hist-games: Early playing card recommendations

SeaanMcAy at aol.com SeaanMcAy at aol.com
Mon Jul 21 00:01:21 PDT 1997


   I've done quite a bit of looking for "period" decks.  I prefer to teach my
classes with people using period style cards, but have comprimised from time
to time.  I'll put a list of decks that I use below, with comments.  I got
some of these decks from Walter Nelson (although when I last contacted him a
couple of years ago was finding his sources drying up).  The best shop I know
of, is "R. Somerville" in Edinburgh ("www.playing-cards.demon.co.uk" or mail
cards at playing-cards.demon.co.uk).

   Probably the best French suited deck I've found is "Baptiste Paul
Grimaund; 1848" from J.M. Simon france CARTE.  It is not waxed, has square
cornors, and all the number cards are appropriate.  The court cards are
non-standard, in the form of historical figures such as Cesar and Rachel; but
I find these easy to live with.  Got my copy from R. Somerville.  
   I've got the 18th century replica deck JAS mentioned.  It has authentic
court cards (these changed very little over the years, perhaps I'll detail
the research on this at some future point), but does have a tax stamp on the
Ace of spades, which mentions George-III (according to "The Playing Cards of
the Worshipful Company of Makers of Playing Cards" which I just happen to
have handy, tax stamps were introduced in 1712).  Comes in a nice
reproduction wrapper.  I got my copy from Walter Nelson.
   There are a number of "show decks" dating around 1650-1700 produced by the
London Guildhall Library (in association with the above mentioned guild).  I
have "Arms of English Peers; 1688" and "Morden's Playing Cards; 1676".  There
are a lot of these decks suriving in various museums because of their
novelty, typically the suit signs and marks are limited to the top of the
card.  These are available from the Guildhall, or R.Somerville.  These are
playable, but not optimal.  One neat feature, is that some of them can be
assembled into a race game (resembling "The Game of Goose").
   If you wish to play with a period style deck, but don't want to compromise
the features of a modern deck, I'd suggest looking into "Editions Dusserre".
 These cards have a fascimile of the original card, surrounded by cornor
indexs on all 4 cornors, are waxed and have rounded cornors.  I have a deck
claimed to date from 1493 (this date seems a bit early to me upon examination
of the deck) called the "Jean D'Arc deck".  
   I have a deck from Rotterdam Press (perhaps this was the deck the previous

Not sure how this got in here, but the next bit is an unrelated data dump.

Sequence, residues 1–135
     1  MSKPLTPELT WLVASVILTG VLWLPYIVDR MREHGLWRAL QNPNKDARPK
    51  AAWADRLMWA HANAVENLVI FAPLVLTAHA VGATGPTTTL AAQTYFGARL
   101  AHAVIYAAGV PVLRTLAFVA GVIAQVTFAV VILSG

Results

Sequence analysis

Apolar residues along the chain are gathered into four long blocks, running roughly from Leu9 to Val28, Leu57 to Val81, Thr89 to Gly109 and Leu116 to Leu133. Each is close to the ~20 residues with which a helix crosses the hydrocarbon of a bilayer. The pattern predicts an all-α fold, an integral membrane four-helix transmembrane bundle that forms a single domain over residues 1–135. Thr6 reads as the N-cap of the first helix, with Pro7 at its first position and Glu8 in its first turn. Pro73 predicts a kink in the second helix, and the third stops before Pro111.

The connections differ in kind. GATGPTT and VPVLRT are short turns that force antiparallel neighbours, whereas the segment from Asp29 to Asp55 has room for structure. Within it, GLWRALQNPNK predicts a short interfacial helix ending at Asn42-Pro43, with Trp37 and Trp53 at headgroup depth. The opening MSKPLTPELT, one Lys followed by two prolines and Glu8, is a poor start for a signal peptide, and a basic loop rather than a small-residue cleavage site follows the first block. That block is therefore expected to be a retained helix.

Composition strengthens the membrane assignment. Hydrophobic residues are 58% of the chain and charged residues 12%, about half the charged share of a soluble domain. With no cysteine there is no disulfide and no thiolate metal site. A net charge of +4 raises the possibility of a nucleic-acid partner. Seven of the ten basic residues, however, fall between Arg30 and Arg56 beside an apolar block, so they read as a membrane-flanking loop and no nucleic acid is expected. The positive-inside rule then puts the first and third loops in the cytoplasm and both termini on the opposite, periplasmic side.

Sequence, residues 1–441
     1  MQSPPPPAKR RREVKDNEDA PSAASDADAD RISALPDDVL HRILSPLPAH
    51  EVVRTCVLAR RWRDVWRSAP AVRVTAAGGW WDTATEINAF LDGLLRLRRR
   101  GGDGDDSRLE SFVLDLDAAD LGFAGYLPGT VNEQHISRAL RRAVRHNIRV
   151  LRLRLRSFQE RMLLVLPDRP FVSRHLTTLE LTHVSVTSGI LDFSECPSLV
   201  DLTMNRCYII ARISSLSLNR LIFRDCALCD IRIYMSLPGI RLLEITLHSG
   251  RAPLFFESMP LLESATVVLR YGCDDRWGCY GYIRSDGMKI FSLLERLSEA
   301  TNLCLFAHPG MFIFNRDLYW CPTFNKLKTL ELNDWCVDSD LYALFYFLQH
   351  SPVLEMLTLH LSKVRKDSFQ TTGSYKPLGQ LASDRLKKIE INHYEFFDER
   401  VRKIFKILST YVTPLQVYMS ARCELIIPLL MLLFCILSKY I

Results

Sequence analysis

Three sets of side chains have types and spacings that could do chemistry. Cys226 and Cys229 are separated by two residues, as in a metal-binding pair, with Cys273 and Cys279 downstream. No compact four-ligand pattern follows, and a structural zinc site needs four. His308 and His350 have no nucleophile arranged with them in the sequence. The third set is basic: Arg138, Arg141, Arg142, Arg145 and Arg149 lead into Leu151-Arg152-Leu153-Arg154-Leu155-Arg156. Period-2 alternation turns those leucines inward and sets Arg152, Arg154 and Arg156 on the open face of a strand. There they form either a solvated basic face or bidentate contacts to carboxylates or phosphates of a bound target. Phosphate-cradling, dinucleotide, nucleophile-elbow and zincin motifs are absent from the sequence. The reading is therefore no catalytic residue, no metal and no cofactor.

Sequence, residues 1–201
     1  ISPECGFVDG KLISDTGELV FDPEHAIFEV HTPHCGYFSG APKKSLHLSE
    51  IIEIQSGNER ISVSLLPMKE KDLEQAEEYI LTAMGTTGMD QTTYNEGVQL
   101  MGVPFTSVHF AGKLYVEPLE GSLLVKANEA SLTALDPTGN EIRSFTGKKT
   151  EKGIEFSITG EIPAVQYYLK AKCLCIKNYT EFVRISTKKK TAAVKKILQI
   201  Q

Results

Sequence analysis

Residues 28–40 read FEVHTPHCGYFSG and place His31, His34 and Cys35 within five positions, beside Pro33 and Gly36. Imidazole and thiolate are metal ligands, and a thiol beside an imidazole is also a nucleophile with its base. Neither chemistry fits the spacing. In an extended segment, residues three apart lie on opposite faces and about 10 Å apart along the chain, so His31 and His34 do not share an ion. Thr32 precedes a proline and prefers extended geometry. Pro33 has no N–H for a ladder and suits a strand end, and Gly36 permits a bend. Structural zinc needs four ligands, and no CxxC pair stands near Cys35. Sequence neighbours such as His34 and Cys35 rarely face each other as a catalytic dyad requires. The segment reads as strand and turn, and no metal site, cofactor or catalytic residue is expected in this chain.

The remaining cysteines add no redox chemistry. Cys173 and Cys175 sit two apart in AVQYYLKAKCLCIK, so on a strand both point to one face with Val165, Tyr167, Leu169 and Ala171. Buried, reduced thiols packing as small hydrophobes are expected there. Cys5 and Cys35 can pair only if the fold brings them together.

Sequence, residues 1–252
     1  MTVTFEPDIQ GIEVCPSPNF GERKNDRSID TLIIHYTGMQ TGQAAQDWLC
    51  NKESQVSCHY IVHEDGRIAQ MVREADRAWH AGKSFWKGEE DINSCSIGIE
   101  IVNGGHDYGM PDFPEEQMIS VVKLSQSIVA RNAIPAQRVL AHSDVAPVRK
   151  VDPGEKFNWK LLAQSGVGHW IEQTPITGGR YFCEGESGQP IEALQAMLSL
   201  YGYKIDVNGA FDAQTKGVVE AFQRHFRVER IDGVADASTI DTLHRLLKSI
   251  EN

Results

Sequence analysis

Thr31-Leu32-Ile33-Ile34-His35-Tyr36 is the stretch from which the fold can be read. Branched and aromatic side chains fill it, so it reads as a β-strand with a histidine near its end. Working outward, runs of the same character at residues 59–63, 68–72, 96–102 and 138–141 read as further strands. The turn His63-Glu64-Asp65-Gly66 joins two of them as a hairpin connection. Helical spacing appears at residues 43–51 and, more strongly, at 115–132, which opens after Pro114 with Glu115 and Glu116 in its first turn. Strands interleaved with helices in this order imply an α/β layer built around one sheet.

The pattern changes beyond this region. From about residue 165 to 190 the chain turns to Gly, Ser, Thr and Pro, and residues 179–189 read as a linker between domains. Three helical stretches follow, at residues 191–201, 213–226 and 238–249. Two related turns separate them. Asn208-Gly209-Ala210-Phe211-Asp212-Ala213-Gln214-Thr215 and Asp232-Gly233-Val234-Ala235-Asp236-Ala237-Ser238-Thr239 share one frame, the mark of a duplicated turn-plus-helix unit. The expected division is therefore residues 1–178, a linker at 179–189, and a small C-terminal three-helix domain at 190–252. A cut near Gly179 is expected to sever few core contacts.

post mentioned printing) of Peter Flotner's 1535 German suited deck.  I got
this from Walter.  Quite good, I wish I had a few more copies.  I don't think
it is bein produced anymore.  Note that Piatnik has a "museum quality"
replica of this deck in a boxed edition (problems are expensie, and not deck
is not usable for playing because they reproduce card erosion and damage).
 R.Somerville still has some of the Piatnik decks in stock.
   I have three replica tarot decks.  The easiest to find is the c1450
Visconti-Sofraza deck from US Games.  These should be avaiable almost
anywhere Tarot cards are found.  They have no suit or trump marks, which
makes them a bit difficult to play with (have to memorize all trumps and the
order in which they play).  They are also a bit atypical of Italian suited
cards, in that the swords and clubs are not interleaved.
   I almost always teach Tarot games classed with one of the following decks.
 Both are made by "Heron Boechat, Maitres Cartiers, A Bordeux".  They are
both Italian suited tarot cards made by the French, so this led to the trumps
being numbered!  One deck is labeld "Tarot Jacques Vieville; 1643-1664".  The
other is labeled "Tarot des Centuries. D'Apres L'oeuure De Nostradamus".
 Both have typical characteristics of period tarot cards.  I got the
"Nostradamus" deck from Walter, and the "Vievilled" deck from R.Somerville
(who may have the other too).

   I hope this serves as a starting point for finding the earliest card
decks.  I'd love to find other sources.  Please feel free to drop a me a line
if you have any questions or corrections.

Michael McKay  (known in the SCA as Seaan McAy)

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